Thank you, Shannon, for all that you are doing--doesn't this photo remind you of all that our men and women in uniform sacrifice for us?

 #3 -- This week I had my second year medical student small group over to my house for our session. Seeing this picture of their smiling faces as they prepared to leave made me smile. . . wish I had that small group kind of experience in medical school sometimes.

 #2 --  This picture of Isaiah and Zachary playing in a pile of leaves never fails to make me smile.

#1  --  This picture of the four of us during the pre-car seat, pre-minivan era makes me smile . . . and then laugh.  In order, that's my brother, Will, older sister, Deanna, yours truly, and younger sister, JoLai. Oh, and if JoLai and I look scarily close in age?  Uhhh, that would be because we are ten months apart. Yes.  

Ten. Months. Apart. 

I would tell you that the youngest child was a little post-vasectomy surprise. I would tell you that, but you know, I don't like spreading other folks' business like that. Ah hem.

Bonus shot:

Having a bad day? Relive a few memories with photos.  It always works for me.


Happy Thursday.

Wednesday, April 20, 2011

The Puppy Mafia: An update.

Seen outside of my house at the crickety-crack of dawn this morning. . . .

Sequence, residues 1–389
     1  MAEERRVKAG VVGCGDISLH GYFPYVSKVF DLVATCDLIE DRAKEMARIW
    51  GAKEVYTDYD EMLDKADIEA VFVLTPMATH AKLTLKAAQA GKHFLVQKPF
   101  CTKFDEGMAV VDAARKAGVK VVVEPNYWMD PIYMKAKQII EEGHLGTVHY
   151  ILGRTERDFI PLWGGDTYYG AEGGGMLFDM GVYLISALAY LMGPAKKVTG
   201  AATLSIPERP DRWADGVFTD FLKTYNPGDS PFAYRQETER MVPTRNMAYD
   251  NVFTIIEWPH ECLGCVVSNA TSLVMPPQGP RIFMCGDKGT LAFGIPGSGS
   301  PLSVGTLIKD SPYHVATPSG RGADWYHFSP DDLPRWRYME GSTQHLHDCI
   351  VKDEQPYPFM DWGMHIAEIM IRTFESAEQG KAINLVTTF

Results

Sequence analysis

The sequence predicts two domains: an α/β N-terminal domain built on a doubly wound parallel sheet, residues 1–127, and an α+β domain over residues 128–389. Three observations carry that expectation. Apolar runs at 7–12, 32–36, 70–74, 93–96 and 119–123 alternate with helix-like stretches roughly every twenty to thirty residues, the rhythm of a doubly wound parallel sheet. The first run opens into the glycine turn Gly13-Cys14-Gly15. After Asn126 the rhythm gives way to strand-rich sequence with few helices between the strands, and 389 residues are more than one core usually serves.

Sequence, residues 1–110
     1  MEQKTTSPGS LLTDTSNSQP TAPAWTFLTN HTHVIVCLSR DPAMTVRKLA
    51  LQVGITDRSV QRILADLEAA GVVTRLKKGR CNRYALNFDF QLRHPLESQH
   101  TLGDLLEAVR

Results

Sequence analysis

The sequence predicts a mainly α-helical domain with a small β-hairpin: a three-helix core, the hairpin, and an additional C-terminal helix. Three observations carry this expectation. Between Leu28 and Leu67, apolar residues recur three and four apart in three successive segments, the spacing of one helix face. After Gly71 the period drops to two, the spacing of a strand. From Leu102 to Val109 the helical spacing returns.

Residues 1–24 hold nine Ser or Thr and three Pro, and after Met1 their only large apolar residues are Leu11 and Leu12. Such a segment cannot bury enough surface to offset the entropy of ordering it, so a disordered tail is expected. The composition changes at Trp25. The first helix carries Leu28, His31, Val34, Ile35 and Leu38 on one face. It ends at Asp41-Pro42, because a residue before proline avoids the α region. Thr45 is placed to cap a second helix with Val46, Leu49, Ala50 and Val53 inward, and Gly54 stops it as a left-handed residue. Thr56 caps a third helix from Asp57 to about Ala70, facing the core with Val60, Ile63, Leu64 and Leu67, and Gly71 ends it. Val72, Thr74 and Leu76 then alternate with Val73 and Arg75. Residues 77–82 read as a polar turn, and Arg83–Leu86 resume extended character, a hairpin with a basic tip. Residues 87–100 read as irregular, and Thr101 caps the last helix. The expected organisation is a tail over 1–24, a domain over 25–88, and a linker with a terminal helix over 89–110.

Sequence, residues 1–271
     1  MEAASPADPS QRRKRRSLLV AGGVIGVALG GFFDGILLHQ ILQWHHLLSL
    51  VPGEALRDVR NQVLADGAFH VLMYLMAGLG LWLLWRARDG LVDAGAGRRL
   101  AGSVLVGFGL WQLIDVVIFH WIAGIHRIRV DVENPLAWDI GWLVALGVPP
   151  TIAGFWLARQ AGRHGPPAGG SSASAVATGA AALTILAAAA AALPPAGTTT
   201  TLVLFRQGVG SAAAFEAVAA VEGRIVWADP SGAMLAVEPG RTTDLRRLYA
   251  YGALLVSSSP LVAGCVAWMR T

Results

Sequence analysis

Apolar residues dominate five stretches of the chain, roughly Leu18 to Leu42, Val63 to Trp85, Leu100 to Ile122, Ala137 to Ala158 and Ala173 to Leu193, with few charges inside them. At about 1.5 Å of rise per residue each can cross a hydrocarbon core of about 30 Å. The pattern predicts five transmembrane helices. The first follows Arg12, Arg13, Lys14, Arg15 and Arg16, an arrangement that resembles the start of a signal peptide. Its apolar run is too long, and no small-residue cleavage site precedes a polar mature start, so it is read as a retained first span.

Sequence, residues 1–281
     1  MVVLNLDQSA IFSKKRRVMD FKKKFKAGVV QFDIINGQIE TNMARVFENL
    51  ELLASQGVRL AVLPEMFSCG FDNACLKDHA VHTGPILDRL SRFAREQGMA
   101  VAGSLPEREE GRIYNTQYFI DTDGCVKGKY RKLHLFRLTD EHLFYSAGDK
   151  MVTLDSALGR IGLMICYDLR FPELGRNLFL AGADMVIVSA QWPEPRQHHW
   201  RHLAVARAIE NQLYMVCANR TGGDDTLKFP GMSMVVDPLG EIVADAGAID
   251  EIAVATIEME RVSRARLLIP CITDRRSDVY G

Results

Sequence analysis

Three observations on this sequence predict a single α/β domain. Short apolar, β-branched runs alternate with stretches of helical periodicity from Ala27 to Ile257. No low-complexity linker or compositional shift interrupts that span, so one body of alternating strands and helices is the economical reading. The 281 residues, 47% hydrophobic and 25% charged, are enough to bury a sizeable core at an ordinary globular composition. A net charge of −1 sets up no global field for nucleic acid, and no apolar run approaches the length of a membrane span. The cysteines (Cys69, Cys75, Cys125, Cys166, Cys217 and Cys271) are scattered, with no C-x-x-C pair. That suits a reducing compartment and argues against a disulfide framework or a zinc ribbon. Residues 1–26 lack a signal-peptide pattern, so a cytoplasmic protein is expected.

Okay. So no one seems to know how Pup-Pup made it onto the bushes at 6:45 in the morning, nor do they have any idea how long he's been out there. Hmmm. Sounds real, real shady if you ask me. I think it was an inside job. . . .

But hey. . .that's the risk you take when you become a part of an organized stuffed doggy crime mob. I'm just sayin'.

By the way, Puppy remains AWOL. Sigh. I do appreciate all of the well wishes and votes for his safe return. As I have told y'all before, he was once lost for an entire year, so all is definitely not. . well. . . lost. 

Wait, huh?

If you have no idea what any of this means and if you have kids, grandkids, or are a kid at heart who is interested in having a nice, hearty laugh, start by reading this post. If you are interested in even more of the Puppy Mafia saga, continue by reading this post. And if you aren't completely bored, go ahead and follow up with this post. 


Happy Wednesday

Tuesday, April 19, 2011


"And I would have stayed up with you all night
Had I known how to save a life
. . ."

~ The Fray "How to Save a Life"

I was really tired when I woke up yesterday morning. Atlanta has one of the highest pollen counts in the U.S. and it's been a rough spring for me. I've been spraying my nose with steroid spray like a good patient and taking my antihistamine, too. The itchy nose and eyes are somewhat better, but like clock work, that post nasal drip always gets me in the middle of the night. From about three that morning until the alarm went off, I hacked and hacked. This dry-ish, annoying hack. My only solace was sitting almost fully erect to keep the phlegm from rolling down my throat and triggering my cough reflex.

Gross, I know.